Sure, it would’ve been fine to have built Pereira up in similar fashion to how he fought his way to the middleweight title — I, myself, was touting a Khalil Rountree fight for Pereira’s first MMA fight at 205 pounds — but throwing him into the hot, hot heat against a former UFC champion isn’t bad either. Pereira already has a ton of name power from the scintillating Adesanya feud and we know from his kickboxing days that competing at light heavyweight is no problem for him, so why waste time? If he can’t beat Blachowicz, he’s probably not going to make it all the way to the top of the division anyway.

I’m more annoyed that the UFC didn’t just call an audible and make this fight for the (once again) vacant light heavyweight title after Jamahal vacated due to injury. There’s plenty of money to be made if Pereira scores a massive knockout of Blachowicz and then goes on to fight Prochazka, but that would be true whether the UFC waited to make a proper title fight anyway. What’s the difference between Pereira or Blachowicz entering a fight with Prochazka as champion as opposed to fighting him for a vacant title? Why overthink this?

If the UFC’s goal is to put Pereira in a title fight, then I understand the criticism of this bout. There’s a strong chance Blachowicz simply out-muscles Pereira for three rounds and grapples his way to a decision to put himself right back in the No. 1 contender’s spot, which probably isn’t what the matchmakers are hoping for. But every fight has its risks, and few results could give Pereira more credibility than adding Blachowicz to his highlight reel.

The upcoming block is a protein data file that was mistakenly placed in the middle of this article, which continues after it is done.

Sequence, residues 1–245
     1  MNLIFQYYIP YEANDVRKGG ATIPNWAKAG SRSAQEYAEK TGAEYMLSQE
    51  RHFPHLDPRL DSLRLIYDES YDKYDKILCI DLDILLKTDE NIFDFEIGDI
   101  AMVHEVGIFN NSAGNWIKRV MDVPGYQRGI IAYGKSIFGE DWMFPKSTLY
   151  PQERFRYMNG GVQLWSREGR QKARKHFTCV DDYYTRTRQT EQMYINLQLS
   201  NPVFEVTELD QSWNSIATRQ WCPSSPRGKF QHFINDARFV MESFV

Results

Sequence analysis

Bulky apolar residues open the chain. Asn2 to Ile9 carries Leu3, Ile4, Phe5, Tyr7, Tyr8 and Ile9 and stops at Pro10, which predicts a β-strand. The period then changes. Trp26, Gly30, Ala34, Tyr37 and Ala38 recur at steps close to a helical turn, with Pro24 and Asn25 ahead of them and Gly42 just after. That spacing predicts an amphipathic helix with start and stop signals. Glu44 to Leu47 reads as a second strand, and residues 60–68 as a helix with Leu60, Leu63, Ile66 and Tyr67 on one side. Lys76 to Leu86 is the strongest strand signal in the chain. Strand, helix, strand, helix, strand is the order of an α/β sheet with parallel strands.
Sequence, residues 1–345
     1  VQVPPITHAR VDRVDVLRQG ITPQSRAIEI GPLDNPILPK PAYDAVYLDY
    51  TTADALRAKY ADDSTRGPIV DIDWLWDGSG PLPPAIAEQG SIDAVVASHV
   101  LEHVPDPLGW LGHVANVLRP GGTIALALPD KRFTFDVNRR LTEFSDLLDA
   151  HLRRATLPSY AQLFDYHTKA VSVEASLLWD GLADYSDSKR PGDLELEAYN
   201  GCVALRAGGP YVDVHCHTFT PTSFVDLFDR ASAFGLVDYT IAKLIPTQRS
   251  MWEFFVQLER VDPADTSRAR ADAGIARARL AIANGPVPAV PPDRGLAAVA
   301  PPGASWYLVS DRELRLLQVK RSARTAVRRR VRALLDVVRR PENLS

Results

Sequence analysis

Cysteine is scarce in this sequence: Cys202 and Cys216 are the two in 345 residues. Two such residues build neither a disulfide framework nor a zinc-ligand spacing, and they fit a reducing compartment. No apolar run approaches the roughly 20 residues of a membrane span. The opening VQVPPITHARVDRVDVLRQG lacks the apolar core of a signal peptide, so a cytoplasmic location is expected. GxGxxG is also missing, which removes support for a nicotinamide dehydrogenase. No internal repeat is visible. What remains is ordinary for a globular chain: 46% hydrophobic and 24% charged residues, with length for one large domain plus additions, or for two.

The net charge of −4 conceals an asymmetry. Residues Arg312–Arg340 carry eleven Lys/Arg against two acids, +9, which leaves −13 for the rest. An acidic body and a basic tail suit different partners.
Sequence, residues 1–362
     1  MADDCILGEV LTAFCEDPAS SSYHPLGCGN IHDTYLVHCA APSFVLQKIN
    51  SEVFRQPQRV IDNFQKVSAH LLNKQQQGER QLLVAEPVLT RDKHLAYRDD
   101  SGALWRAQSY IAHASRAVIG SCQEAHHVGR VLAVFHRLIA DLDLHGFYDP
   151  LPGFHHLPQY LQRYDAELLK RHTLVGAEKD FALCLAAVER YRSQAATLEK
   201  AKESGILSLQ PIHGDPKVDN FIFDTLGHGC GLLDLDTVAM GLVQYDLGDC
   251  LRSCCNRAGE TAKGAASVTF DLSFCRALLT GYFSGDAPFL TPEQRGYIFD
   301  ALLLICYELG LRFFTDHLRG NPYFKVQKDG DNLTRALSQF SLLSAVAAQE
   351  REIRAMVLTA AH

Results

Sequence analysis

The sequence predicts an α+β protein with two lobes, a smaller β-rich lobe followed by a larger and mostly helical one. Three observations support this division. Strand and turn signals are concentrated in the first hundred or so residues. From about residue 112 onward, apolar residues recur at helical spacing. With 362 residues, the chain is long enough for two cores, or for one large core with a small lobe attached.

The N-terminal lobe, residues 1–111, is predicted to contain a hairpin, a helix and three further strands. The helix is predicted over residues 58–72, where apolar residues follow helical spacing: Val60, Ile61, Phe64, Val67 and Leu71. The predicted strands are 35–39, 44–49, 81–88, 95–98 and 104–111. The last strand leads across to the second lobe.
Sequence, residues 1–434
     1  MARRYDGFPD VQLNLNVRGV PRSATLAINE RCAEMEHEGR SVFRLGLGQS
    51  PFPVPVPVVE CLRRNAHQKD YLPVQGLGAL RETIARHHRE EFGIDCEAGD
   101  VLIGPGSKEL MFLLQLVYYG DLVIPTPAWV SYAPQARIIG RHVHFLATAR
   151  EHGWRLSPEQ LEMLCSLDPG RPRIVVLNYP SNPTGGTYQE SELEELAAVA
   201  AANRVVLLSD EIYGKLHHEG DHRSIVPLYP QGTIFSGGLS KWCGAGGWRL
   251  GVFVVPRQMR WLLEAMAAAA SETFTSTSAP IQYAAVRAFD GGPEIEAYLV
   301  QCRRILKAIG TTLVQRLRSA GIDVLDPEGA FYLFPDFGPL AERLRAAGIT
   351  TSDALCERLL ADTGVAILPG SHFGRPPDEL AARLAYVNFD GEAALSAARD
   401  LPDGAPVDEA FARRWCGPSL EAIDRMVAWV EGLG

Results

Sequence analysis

Pereira wanted to instantly enter a second title conversation. This is the price of entry.

MMA: APR 08 UFC 287 Photo by Alejandro Salazar/PxImages/Icon Sportswire via Getty Images

Heck: To be honest, I’ve thought about this question a lot, and have teeter-tottered with my answer since the moment the matchup was made. At first, the answer was no — and I’ll share why in a moment — but now that we see what this division currently looks like, this one actually worked out to be the actual correct fight.

There is no light heavyweight champion right now after Jamahal Hill vacated due to injury. Jiri Prochazka likely awaits the next guy up to emerge, and it doesn’t seem like the UFC is in any hurry to give Magomed Ankalaev — who may be the division’s best and most complete fighter — another title opportunity just yet. So this will do just fine, all things considered.

From a stylistic perspective, this has the makings to be an awful matchup for Pereira. Israel Adesnaya is not known to be a prolific wrestler, yet he had success in that department against the hard-hitting Pereira — or at the very least, he gave his longtime rival something to think about by mixing the martial arts. If Blachowicz can avoid a big shot and land takedowns early, it could be a very tough night for Pereira, and quite honestly, for the fans hoping for a barnburner.